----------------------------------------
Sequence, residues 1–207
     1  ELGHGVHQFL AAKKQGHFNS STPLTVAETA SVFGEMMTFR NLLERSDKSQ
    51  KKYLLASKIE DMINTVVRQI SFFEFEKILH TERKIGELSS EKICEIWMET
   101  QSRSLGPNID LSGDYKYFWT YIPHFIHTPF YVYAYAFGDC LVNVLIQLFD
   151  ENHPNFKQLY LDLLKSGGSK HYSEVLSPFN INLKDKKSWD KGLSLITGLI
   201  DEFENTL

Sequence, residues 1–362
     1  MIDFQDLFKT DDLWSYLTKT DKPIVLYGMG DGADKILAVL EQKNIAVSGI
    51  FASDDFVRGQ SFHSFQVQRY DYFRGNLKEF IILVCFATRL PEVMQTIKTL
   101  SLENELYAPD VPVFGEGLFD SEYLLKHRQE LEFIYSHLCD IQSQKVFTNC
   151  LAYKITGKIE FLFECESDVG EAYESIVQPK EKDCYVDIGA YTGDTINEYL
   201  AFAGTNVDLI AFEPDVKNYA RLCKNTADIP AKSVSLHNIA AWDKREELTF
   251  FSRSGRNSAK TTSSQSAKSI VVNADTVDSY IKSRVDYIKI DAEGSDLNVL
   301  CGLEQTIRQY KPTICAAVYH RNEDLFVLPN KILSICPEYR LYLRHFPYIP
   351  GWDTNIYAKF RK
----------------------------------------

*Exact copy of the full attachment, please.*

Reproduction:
Sequence, residues 1–207
     1  ELGHGVHQFL AAKKQGHFNS STPLTVAETA SVFGEMMTFR NLLERSDKSQ
    51  KKYLLASKIE DMINTVVRQI SFFEFEKILH TERKIGELSS EKICEIWMET
   101  QSRSLGPNID LSGDYKYFWT YIPHFIHTPF YVYAYAFGDC LVNVLIQLFD
   151  ENHPNFKQLY LDLLKSGGSK HYSEVLSPFN INLKDKKSWD KGLSLITGLI
   201  DEFENTL

Sequence, residues 1–362
     1  MIDFQDLFKT DDLWSYLTKT DKPIVLYGMG DGADKILAVL EQKNIAVSGI
    51  FASDDFVRGQ SFHSFQVQRY DYFRGNLKEF IILVCFATRL PEVMQTIKTL
   101  SLENELYAPD VPVFGEGLFD SEYLLKHRQE LEFIYSHLCD IQSQKVFTNC
   151  LAYKITGKIE FLFECESDVG EAYESIVQPK EKDCYVDIGA YTGDTINEYL
   201  AFAGTNVDLI AFEPDVKNYA RLCKNTADIP AKSVSLHNIA AWDKREELTF
   251  FSRSGRNSAK TTSSQSAKSI VVNADTVDSY IKSRVDYIKI DAEGSDLNVL
   301  CGLEQTIRQY KPTICAAVYH RNEDLFVLPN KILSICPEYR LYLRHFPYIP
   351  GWDTNIYAKF RK